CWHEQ CWHEQ 2006 v. Dianne D. Glenville a/k/a Diane D. Glenville a/k/a Diane Glenville and Mark S. Glenville, Appellees.

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The Bank of New York Mellon fka the Bank of New York, as successor trustee to JPMorgan Chase Bank, N.A., as trustee on behalf of the Certificateholders of the CWHEQ, Inc., CWHEQ Revolving Home Equity Loan Trust, Series 2006–D, Appellant, v. Dianne D. Glenville a/k/a Diane D. Glenville a/k/a Diane Glenville and Mark S. Glenville, Appellees.

Case No. 2D15–5198

Decided: January 20, 2017

Anthony R. Smith and Kendra J. Taylor of Sirote & Permutt, P.C., Winter Park;  and Shaun K. Ramey and Matthew R. Feluren of Sirote & Permutt, P.C., Fort Lauderdale, for Appellant. Sheryl A. Edwards of The Edwards Law Firm, PL, Sarasota, for Appellees.

The Bank of New York Mellon appeals the trial court's order denying its claim for surplus funds from a foreclosure sale.1 Because the bank's claim was untimely, we affirm.

Under section 45.031(7)(b), Florida Statutes (2015), any person claiming a right to surplus funds must file a claim with the clerk of court within sixty days of the foreclosure sale. The record reflects that the underlying property was sold at public auction on July 2, 2015, and that the bank filed its claim for surplus funds as a subordinate lienholder on September 2, 2015, sixty-two days after the date the property was sold. The trial court denied the bank's claim as untimely filed. On appeal, the bank argues that a foreclosure sale is not complete until the clerk issues the certificate of sale. Because the certificate of sale in this case was issued on July 6, 2015, the bank claims that it had until September 4, 2015, to file a claim and that therefore its September 2, 2015, filing was timely. We disagree.

“The interpretation of a statute is a question of law, and it is therefore subject to a de novo review.” Mathews v. Branch Banking & Tr. Co., 139 So.3d 498, 500 (Fla. 2d DCA 2014) (citing W. Fla. Reg'l Med. Ctr., Inc. v. See, 79 So.3d 1, 8 (Fla. 2012)). “[W]hen the language of the statute is clear and unambiguous and conveys a clear and definite meaning, there is no occasion for resorting to the rules of statutory interpretation and construction;  the statute must be given its plain and obvious meaning.” Gulf Atl. Office Props., Inc. v. Dep't of Revenue, 133 So.3d 537, 539 (Fla. 2d DCA 2014) (quoting Hess v. Walton, 898 So.2d 1046, 1049 (Fla. 2d DCA 2005)).

This court has previously explained that “the language in section 45.031(7)(b) is clear and unambiguous:  any person claiming a right to the surplus funds must file a claim with the clerk no later than sixty days after the sale.” Dever v. Wells Fargo Bank Nat'l Ass'n, 147 So.3d 1045, 1047 (Fla. 2d DCA 2014);  see also Mathews, 139 So.3d at 500 (“The language of section 45.031(7)(b) is clear and unambiguous in requiring that any person claiming a right to the surplus funds ‘MUST FILE A CLAIM WITH THE CLERK NO LATER THAN 60 DAYS AFTER THE SALE.’ ” (emphasis omitted)). This subsection only refers to the “sale,” not the “certificate of sale.” § 45.031(7)(b). This is significant because section 45.031 assigns particular and distinct meanings to the terms “sale” and “certificate of sale” and does not use them interchangeably. See § 45.031(4) (“After a sale of the property the clerk shall promptly file a certificate of sale and serve a copy of it on each party ․” (emphasis added));  .031(5) (“If no objections to the sale are filed within [ten] days after filing the certificate of sale, the clerk shall file a certificate of title and serve a copy of it on each party.” (emphasis added)). Reading subsection (7)(b) to require a claim for surplus funds to be filed within sixty days of the certificate of sale—instead of the actual sale itself—would render subsection (4) meaningless and would confuse the meaning of other subsections of the statute.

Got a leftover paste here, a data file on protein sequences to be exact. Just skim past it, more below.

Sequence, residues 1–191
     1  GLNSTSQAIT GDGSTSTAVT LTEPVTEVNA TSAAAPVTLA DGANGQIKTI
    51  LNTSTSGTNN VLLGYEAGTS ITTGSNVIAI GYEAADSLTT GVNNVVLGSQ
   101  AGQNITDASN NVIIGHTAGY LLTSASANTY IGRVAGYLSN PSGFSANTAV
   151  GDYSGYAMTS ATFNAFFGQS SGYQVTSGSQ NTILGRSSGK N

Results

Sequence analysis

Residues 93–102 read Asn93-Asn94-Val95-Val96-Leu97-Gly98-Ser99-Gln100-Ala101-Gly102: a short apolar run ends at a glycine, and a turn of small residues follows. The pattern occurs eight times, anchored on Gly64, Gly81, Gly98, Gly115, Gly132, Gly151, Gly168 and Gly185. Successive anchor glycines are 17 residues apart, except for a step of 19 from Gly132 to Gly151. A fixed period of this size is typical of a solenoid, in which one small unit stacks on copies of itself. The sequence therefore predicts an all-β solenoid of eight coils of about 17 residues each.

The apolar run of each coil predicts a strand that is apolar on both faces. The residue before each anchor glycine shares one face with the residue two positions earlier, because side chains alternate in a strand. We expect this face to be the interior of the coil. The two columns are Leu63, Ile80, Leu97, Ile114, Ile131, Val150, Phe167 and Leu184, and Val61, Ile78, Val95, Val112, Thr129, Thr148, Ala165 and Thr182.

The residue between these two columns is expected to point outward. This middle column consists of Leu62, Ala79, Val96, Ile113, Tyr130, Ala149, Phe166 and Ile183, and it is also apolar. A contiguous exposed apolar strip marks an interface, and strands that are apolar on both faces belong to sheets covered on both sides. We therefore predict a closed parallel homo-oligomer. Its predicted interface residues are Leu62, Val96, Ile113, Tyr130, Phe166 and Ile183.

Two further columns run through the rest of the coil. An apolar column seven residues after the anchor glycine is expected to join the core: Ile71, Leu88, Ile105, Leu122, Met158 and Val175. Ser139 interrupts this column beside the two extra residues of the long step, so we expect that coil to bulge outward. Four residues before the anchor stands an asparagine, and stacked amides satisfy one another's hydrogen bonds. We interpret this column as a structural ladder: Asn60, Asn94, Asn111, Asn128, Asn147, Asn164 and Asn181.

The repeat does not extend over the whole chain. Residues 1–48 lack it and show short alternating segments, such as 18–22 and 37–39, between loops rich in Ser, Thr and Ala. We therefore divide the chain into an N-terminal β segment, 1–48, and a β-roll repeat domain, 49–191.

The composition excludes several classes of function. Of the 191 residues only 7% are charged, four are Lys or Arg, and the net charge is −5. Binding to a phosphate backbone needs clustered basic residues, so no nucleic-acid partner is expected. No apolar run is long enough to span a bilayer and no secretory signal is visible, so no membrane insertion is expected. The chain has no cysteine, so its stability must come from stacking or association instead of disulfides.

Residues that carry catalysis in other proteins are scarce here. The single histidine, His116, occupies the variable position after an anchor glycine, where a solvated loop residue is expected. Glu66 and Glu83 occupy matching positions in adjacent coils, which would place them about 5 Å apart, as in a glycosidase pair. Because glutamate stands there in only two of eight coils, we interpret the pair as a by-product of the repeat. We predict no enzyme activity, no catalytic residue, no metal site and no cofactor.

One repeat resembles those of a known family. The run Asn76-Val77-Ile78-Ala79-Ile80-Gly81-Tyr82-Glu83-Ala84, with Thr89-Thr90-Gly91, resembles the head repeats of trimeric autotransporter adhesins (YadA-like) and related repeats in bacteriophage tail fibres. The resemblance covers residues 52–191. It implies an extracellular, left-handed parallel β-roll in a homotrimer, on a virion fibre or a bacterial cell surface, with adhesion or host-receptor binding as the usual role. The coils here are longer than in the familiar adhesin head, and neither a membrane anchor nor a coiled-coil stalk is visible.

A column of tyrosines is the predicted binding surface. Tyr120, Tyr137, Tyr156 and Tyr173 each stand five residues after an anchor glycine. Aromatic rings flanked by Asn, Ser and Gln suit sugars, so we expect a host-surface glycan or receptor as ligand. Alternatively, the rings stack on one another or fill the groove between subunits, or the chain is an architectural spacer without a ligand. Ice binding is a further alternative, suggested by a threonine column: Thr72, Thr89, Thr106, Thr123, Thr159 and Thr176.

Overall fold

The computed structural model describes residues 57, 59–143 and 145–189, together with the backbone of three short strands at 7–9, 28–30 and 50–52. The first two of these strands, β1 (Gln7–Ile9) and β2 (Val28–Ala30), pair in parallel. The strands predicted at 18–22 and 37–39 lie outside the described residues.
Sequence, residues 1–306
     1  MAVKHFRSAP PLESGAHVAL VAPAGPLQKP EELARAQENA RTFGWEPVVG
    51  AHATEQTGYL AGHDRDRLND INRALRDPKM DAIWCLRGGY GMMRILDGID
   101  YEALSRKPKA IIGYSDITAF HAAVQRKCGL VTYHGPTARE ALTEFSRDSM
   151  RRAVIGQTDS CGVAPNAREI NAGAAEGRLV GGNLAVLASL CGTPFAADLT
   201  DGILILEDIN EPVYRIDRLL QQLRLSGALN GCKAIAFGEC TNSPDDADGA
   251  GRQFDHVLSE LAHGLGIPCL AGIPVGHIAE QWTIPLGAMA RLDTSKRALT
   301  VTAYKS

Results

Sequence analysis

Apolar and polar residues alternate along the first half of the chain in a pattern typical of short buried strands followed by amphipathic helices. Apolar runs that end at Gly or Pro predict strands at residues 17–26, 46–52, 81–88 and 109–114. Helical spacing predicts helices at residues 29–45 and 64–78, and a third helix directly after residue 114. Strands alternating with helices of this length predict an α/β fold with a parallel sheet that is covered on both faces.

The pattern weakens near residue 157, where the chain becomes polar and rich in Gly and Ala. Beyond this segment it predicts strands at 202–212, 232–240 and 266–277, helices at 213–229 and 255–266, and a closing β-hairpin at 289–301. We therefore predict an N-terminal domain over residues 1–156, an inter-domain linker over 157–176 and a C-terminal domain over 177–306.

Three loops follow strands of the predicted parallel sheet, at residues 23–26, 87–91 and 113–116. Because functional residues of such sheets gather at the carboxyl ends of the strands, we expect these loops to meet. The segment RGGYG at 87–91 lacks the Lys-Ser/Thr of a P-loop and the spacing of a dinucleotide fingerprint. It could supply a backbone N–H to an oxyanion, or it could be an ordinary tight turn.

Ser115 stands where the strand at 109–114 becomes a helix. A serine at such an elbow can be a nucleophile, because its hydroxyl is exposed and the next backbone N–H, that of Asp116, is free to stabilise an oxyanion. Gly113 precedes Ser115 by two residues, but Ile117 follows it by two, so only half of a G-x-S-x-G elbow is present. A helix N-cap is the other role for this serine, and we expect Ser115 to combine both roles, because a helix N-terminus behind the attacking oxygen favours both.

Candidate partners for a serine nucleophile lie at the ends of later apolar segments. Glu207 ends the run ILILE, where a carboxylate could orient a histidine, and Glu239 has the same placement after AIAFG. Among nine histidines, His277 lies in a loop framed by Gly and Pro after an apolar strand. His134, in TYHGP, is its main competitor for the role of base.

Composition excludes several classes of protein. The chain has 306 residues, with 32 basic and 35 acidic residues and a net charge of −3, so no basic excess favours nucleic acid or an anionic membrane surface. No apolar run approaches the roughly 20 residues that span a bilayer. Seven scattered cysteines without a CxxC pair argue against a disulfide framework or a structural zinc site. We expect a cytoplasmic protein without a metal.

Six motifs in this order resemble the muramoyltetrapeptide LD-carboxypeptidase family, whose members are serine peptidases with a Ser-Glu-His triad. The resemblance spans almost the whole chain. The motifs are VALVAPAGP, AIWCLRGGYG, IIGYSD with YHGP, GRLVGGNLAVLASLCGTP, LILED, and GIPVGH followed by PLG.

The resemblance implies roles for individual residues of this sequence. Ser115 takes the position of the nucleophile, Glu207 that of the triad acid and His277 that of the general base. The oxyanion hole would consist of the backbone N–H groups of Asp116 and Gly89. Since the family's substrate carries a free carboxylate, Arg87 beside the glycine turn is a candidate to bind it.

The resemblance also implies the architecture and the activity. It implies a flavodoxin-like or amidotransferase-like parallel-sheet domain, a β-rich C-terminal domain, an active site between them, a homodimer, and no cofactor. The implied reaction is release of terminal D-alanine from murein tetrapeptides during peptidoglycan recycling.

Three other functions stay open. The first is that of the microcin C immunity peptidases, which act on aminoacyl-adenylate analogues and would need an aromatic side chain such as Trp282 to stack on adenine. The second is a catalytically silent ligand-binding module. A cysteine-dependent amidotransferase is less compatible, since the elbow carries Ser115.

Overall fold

Additionally, such a reading would be inconsistent with this court's prior case law interpreting section 45.031(7)(b). In Mathews, this court explained that the bank “was required to file a claim with the clerk within sixty days after the sale of the property to preserve any claim it may have had to the surplus funds.” 139 So.3d at 500 (emphasis added). Similarly, in Dever, this court used the date the property was sold at auction, not the date the certificate of sale was issued, as the start date for the sixty-day period. 147 So.3d at 1047. Although using either date would not have changed the fact that the banks' claims were untimely, in both cases this court interpreted the language of the statute to refer to the date of the actual sale, not the issuance of the certificate of sale. See Mathews, 139 So.3d at 499–500;  Dever, 147 So.3d at 1047.

Accordingly, the bank filed its claim outside the statutory window, and we must affirm the trial court's order denying the claim. In so doing, we note that the two cases on which the bank relies on appeal—In re Jaar, 186 B.R. 148, 154 (Bankr. M.D. Fla. 1995), and Shlishey the Best, Inc. v. CitiFinancial Equity Services, Inc., 14 So.3d 1271, 1275 (Fla. 2d DCA 2009)—are inapplicable here because they both concern a mortgagor's right of redemption, which is governed by section 45.0315, not section 45.031.

Affirmed.

FOOTNOTES

1.   Diane and Mark Glenville were the property owners and defendants in the foreclosure action. They are entitled to the surplus funds remaining with the clerk more than sixty days after the foreclosure sale pursuant to section 45.031(7)(b), Florida Statutes (2015).

SLEET, Judge.

LaROSE and BADALAMENTI, JJ., Concur.

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